Another edition of Royals Review Links. Kid-tested, mother-approved.
Like most of America, we're most certainly "Snow-Bound".
-The Royals continue their PR-push for the public's acceptance of the video system expenditure. Sam Mellinger is only too happy to oblige in today's Star.
-Continuing his Royals binge, Buster Olney says Greinke is ready to rock in 2007.
-Dick Kaegel returns for another mailbag run over at the official site. It looks like the fanbase may be running out of steam on questions... this week's fare was pretty weak.
-The Royals Caravan isn't dead after all. Apparently John Buck and Mitch Maier live in Surprise Arizona, making them obvious choices for a Surprise-ing Caravan stop.
-John Beamer at the Hardball Times examines the question of if Barry Bonds will break Hank Aaron's record this season. Now granted, Bonds destroyed our national innocence with his decision to do whatever it is he supposedly did, but I don't think he gets enough props for what he did last season. People aren't supposed to play Major League baseball at age 41, especially on one leg.
-Of course, Bonds has told Tom Verducci he actually wants to get to 1,000 homers. Yes, 1,000. I hope he does it actually. I'm glad that this is supposedly "Bud Selig's Worst Nightmare", instead of say, the DirectTV deal, or the fact that there are still a few cities out there he hasn't extorted. Don't the fans in Baltimore know they need a new stadium to compete??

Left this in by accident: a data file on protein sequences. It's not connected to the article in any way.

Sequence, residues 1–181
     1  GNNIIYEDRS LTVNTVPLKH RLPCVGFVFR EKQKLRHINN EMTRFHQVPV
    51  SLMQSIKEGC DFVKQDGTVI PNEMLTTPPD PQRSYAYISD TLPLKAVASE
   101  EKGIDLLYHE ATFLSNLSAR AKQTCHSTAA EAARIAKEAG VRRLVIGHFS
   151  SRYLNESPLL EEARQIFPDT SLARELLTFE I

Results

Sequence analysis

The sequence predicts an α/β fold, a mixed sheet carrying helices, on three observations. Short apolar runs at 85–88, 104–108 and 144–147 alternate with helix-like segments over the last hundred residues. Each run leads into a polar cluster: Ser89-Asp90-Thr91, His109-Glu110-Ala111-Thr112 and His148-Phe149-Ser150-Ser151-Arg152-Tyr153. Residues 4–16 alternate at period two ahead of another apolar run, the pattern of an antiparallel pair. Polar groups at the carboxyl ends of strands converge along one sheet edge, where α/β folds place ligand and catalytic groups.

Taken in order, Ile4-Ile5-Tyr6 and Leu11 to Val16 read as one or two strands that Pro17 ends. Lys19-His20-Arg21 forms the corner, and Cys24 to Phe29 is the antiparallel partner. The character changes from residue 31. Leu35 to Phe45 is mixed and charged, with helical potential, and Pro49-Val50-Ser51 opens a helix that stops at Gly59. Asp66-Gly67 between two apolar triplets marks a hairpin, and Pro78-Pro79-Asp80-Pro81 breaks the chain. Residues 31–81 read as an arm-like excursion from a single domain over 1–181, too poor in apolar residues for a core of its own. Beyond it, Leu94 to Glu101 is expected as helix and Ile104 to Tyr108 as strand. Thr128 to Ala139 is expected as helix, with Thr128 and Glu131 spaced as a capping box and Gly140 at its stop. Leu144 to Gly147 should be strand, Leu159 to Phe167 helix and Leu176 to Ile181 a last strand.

-Double T Nation is now officially one of my favorite blogs. Consistently updated and well-done. Who needs another site about Texas, U$C or Florida anyway?
-Ryan Armburst has a great piece on BABIP up over at Beyond the Boxscore.
-Its too long for a Poem of the Week selection, but this week might be a good time to cuddle up to John Greenleaf Whittier's "Snow-Bound". (Link) Whittier's poem is still one of the shocking smash hits of American Literature... for whatever reason people just loved it, and throughout the 1860s and 1870s it was reprinted in every form and level of cost imaginable. In the poem an older poet thinks back to a wintry-week from his youth, remembering how the various members of his family passed the time:
What matter how the night behaved?
What matter how the north-wind raved?
Blow high, blow low, not all its snow
Could quench our hearth-fire's ruddy glow.
O Time and Change! -- with hair as gray
As was my sire's that winter day,
How strange it seems with so much gone,
Of life and love, to still live on!
Ah, brother! only I and thou
Are left of all that circle now